You owe it to yourself to learn the basics of taking care of your bicycle. You should at least know how to lubricate your chain, replace and patch an inner tube and adjust your brakes. If you're not exactly sure how to do something, you can look it up on YouTube. By now pretty much everything has a video for it. Do watch several versions of a procedure; quality of exposition will vary and not all details will agree. Remember that like with most things in life, learning from others works the best.


  • Free Ride PGH's DIY RECYCLED bike collective. Volunteer or donate in order to take hands-on classes!
  • Kraynick's

Online resources

Manufacturer's manuals

To figure out what's nominally on your bike you can go to the maker's website. Most reputable ones archive bike specifications, by model and year. You can then use that information to track down the manuals for a specific part. Of course the information may be incomplete, or even inaccurate. So be careful. Some bike makers don't bother making older specs available (and you bought their stuff why?)



If you have a confrontation with a driver, or experience harassing behavior, try to get the license plate number and report it on the Dangerous Drivers thread. Also call 911 and file a police report. Remember, it's not just you -- many of these drivers regularly harass cyclists, and police reports tracking their behavior serve as a legal paper trail that can help victims should they cause an accident -- not to mention that documented aggressive behavior can lead to those drivers getting a ticket (this usually requires excellent proof, such as a video, and persistence on your part, though).

How to Fix Problems

  • For emergencies and safety issues, always call 911. A missing manhole cover, for example.
  • For city-level maintenance issues, such as potholes, streetlights not working, and so on, 311 works well. Call the number, or use the web form.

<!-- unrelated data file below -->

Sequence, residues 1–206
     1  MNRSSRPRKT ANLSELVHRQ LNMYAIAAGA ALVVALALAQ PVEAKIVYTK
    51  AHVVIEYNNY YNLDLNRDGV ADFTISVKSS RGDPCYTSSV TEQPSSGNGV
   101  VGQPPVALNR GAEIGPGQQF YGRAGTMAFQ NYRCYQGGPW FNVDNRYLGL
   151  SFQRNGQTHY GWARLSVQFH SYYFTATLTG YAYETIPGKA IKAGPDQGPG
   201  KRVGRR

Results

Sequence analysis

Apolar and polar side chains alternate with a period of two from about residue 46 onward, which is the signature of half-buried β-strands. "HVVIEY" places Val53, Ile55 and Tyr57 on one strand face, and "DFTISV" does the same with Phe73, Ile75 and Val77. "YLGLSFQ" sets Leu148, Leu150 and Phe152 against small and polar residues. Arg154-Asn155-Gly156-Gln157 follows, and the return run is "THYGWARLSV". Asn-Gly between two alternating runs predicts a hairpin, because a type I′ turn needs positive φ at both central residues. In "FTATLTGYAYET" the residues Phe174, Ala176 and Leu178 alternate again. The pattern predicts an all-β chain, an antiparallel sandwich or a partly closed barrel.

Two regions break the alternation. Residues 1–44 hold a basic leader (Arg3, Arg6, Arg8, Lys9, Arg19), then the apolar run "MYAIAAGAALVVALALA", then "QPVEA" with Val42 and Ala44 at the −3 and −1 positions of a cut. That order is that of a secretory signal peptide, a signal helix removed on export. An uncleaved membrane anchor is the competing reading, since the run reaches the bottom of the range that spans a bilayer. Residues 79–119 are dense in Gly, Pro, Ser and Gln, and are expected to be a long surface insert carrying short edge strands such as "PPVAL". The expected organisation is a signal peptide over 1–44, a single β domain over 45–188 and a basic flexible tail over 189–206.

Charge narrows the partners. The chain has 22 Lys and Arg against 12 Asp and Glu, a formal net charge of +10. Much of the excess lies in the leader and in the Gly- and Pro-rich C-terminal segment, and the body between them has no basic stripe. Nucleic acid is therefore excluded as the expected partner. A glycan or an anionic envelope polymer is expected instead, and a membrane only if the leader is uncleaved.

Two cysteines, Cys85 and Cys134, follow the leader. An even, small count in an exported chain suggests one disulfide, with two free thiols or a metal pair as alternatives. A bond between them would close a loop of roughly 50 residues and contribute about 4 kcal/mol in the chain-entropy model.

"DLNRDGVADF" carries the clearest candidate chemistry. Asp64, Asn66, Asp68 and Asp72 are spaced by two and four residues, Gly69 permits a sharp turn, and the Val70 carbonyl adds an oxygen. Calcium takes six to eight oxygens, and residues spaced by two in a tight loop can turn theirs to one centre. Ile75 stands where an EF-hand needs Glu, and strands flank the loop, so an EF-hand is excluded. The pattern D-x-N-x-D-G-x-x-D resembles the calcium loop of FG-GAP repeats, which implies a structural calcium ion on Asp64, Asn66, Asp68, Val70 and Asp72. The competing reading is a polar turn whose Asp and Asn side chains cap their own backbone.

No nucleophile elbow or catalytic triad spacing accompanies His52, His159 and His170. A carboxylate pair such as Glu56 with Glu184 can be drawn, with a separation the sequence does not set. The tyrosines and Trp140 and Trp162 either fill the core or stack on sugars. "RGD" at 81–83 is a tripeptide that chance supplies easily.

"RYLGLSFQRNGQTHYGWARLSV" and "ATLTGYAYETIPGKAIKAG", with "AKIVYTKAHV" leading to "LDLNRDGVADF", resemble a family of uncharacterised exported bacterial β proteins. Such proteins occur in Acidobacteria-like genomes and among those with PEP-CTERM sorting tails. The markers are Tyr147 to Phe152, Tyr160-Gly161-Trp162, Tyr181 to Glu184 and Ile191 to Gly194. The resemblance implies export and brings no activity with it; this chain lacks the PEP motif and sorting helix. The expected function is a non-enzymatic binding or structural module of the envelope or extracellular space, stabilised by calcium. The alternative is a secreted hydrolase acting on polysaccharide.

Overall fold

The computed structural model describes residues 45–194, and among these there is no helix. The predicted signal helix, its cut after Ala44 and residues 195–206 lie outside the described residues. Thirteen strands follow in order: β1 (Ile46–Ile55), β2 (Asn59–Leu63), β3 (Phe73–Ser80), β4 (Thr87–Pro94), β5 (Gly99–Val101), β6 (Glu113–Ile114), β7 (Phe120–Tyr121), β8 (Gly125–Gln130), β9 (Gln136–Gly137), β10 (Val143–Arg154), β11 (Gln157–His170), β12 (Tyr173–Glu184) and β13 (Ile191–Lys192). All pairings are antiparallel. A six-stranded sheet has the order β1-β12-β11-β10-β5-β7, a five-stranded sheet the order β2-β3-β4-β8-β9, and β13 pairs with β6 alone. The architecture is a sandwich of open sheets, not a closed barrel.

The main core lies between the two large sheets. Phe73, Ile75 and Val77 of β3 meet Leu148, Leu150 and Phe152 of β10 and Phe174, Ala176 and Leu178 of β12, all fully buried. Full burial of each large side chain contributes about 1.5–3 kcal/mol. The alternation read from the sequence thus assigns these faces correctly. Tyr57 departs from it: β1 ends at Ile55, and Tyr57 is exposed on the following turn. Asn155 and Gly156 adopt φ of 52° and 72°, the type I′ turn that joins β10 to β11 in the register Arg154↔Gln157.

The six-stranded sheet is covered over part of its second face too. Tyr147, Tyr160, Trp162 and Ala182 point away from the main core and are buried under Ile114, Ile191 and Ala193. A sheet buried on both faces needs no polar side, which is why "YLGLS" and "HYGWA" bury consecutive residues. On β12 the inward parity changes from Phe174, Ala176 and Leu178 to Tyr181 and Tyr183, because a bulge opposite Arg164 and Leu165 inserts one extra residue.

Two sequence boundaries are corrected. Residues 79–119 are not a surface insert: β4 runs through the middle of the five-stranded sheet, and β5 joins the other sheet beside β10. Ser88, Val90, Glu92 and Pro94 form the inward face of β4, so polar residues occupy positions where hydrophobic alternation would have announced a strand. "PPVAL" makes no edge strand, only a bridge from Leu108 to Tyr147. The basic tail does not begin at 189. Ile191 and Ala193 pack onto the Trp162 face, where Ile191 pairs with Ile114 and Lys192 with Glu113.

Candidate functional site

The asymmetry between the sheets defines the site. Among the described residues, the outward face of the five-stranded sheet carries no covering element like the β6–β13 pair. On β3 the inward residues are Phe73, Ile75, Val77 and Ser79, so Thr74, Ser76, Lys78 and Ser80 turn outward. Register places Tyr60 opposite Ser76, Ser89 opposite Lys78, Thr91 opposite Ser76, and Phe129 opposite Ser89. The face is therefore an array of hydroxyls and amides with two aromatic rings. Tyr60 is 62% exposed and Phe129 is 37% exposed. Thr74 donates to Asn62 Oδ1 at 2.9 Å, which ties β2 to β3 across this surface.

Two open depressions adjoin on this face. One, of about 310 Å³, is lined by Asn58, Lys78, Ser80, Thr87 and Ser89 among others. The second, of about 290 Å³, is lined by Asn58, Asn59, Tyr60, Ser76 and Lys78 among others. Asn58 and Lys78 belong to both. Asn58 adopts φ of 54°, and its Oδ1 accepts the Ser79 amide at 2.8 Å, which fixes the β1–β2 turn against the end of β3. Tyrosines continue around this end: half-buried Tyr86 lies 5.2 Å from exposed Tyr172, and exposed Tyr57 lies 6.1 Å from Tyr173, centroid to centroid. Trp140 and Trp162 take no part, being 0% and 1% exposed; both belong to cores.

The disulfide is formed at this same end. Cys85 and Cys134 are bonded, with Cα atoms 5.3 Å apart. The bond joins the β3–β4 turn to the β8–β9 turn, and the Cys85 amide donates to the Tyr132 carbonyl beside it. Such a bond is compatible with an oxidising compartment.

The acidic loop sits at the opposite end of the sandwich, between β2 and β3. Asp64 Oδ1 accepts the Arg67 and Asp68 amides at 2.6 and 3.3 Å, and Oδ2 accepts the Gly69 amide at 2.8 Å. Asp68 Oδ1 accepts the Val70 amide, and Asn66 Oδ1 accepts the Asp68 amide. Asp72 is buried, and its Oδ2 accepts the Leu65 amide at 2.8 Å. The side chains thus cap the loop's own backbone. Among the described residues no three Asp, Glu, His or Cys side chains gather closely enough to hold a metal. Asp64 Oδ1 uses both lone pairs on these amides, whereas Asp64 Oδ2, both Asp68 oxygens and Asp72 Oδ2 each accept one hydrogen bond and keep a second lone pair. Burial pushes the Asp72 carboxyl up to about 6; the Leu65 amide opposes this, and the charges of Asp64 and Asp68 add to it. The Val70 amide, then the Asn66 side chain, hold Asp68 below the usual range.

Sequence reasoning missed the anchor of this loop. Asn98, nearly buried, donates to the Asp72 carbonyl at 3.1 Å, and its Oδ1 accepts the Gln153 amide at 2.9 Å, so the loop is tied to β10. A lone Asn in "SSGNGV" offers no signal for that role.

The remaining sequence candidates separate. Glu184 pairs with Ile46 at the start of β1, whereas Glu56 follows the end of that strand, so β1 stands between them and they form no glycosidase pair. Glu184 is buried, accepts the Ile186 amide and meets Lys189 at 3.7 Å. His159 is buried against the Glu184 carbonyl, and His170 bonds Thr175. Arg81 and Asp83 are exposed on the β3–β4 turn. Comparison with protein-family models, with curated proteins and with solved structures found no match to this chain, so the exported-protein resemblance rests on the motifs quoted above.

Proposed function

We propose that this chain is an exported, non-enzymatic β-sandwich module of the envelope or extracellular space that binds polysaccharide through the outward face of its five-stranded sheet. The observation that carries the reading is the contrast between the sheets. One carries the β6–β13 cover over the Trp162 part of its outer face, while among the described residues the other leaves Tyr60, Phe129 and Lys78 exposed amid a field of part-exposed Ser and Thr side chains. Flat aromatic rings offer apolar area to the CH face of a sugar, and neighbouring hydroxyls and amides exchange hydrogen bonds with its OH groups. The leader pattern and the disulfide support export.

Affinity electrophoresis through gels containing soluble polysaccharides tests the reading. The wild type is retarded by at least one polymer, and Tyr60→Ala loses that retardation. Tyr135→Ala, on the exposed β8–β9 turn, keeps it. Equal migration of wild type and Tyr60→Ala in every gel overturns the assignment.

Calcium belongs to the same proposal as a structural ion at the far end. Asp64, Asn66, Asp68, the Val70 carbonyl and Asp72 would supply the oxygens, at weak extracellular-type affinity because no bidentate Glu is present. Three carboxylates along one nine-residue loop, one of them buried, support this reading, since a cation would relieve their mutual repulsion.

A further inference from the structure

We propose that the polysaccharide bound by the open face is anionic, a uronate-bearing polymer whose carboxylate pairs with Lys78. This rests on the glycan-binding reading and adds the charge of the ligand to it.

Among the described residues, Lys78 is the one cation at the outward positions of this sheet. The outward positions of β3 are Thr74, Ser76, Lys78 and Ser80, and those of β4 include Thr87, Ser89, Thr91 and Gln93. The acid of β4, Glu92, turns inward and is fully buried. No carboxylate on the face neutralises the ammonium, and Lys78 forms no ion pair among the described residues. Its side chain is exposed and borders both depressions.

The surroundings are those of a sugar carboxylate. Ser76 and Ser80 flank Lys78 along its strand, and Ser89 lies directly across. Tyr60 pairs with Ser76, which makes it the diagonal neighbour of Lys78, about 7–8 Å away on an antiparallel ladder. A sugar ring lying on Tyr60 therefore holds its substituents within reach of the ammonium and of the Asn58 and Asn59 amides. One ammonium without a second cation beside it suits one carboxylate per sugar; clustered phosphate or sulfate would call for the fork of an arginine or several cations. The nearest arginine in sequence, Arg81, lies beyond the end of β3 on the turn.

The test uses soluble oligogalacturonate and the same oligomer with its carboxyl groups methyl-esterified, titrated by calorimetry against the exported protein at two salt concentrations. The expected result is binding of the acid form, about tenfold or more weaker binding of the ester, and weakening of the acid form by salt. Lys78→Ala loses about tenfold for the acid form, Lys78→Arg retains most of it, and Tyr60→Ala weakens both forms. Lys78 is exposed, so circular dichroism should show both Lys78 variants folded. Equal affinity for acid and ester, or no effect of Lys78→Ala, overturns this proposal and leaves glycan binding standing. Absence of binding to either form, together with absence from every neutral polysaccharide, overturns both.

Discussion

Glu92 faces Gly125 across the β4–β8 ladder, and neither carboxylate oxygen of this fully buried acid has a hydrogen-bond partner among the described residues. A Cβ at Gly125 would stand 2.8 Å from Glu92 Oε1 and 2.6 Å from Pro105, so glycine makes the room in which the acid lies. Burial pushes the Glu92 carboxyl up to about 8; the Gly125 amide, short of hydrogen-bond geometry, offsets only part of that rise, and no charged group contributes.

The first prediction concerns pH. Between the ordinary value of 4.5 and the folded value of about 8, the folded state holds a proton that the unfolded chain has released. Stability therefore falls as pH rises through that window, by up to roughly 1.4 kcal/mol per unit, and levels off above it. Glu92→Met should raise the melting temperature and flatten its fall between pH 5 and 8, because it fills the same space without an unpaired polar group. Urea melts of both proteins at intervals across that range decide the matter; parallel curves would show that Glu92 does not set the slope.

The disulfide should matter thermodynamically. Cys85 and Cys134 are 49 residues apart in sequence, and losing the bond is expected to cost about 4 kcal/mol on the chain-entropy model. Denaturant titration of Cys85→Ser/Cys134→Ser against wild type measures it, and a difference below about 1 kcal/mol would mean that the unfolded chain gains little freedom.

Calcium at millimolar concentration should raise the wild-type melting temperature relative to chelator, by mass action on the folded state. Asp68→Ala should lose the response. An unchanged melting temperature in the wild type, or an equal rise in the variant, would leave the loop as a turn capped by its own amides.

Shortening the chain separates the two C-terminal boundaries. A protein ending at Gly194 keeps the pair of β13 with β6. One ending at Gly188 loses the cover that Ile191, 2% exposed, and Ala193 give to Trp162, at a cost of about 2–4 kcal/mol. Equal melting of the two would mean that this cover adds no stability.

• If that doesn't work, get in touch with the City Council representative's office in the relevant neighborhood. They have people on their staff who are hired expressly to respond to citizen issues. It works better if you're a voter in their district, but don't hold back if you see an issue that is not being fixed.
  • For PennDOT issues, such as detour signs blocking sidewalks and other issues related to road construction projects, use their web form. Note: the form won't work on a phone browser; you need Internet Explorer to use it. Construction projects are done by contractors who may not care about cyclists or pedestrians; but when PennDOT gets a complaint through this form, they really do fix it.
  • For bigger issues, contact your representative or senator at the state level. Like city council, they have staff who are assigned to fix problems. Advocate for bike issues; many people let things slide, and you'll be amazed at how effective you can be.
  • Follow bicycling issues in the media. Sometimes good things happen, sometimes bad things happen. If you know about them you at least have the opportunity to do something.
  • A list of links to some useful local resources is at Activism.

The Cycling Life

Weather and Such

Slow Biking

Slow Biking

Get Involved

Local Knowledge